Archaea and bacteria are generally single-celled organisms which represent two of the three domains of life. Although these two domains are now recognized as independent, this was not always the case. Previously these groups were referred to as Eubacteria and Archaebacteria. It was in the 1970s that archaea were discovered as a completely new group of organisms1.
The term Archaebacteria became inappropriate to use once it was discovered that archaea are actually quite different genetically and in terms of their biochemistry, from bacteria. Although, under the microscope these two types of organisms look to be rather similar.
Archaea are really unique organisms which are capable of living in very extreme environments, such as deep-sea vents, hot springs and very acidic waters. Similar to bacteria, they have been found in the digestive tracts of animals such as cows and marine life. More recently, these organisms have been found to also inhabit less extreme environments, such as in the plankton of the open sea1.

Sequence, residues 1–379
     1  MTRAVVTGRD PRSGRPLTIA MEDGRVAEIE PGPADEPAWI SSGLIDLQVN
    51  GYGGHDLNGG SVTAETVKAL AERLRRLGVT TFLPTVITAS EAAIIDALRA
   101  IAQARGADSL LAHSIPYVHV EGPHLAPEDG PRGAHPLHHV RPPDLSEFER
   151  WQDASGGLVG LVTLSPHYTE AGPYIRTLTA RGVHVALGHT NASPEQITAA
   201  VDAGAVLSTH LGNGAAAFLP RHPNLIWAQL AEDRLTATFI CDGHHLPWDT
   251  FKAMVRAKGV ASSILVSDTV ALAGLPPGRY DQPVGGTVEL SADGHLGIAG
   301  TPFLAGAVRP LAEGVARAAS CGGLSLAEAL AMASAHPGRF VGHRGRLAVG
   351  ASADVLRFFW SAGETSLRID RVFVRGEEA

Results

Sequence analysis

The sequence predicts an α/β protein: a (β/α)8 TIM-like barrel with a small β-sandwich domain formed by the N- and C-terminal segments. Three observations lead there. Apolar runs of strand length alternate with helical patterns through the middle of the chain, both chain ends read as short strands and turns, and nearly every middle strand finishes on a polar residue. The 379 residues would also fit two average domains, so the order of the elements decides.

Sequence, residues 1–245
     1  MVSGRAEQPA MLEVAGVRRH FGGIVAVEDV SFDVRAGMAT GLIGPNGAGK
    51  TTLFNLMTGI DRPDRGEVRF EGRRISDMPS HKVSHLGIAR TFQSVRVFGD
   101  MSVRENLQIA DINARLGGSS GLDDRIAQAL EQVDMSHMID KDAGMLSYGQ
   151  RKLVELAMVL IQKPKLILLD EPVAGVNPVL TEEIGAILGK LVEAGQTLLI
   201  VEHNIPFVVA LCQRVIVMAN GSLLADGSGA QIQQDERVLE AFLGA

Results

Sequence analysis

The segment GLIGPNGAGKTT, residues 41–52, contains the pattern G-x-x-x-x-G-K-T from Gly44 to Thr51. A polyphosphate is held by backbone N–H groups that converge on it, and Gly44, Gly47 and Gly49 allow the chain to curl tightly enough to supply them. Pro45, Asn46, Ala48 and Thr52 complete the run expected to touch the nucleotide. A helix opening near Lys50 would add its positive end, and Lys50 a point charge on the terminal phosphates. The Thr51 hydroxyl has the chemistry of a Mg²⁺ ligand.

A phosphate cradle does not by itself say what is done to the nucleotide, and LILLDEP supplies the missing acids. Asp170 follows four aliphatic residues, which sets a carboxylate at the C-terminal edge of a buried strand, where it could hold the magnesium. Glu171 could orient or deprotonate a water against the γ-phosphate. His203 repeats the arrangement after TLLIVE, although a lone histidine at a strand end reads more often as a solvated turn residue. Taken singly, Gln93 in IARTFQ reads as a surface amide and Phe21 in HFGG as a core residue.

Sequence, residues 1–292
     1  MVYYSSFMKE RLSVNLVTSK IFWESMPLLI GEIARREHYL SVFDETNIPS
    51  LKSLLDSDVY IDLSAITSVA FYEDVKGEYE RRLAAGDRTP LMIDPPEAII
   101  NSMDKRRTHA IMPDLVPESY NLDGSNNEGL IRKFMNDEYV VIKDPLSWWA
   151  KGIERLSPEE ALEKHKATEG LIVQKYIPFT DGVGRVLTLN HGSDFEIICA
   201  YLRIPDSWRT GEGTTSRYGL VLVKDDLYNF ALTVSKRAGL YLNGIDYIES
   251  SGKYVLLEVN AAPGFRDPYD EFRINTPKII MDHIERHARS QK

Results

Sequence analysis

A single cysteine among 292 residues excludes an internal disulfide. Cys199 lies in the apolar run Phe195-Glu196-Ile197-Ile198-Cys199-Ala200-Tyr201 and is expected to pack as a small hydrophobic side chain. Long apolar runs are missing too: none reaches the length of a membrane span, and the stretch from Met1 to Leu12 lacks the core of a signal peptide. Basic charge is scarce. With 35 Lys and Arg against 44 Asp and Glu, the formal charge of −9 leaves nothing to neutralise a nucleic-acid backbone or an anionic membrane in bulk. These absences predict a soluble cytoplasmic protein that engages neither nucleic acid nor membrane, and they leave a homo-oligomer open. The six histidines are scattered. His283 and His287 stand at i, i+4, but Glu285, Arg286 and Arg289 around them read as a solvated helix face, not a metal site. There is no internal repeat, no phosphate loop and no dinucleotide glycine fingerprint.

Bacteria represent a large group of prokaryotic organisms that are thought to be one of the earliest life forms. Although bacteria are not always thought of in a positive manner since they have been the cause of many diseases, they do have many applications. For example, some bacteria are capable of producing antibiotics; they can live in symbiosis with other eukaryotic organisms; and are used in the production of dairy products. Some characteristics of bacteria are that they are extremely small in size and can reproduce rapidly.
Archaea and bacteria are both very unique prokaryotes which are rather different from each other despite what was once believed. Further research in this area of biology is necessary to study both of these organisms and uncover the true lineages of the Archaean domain of life.
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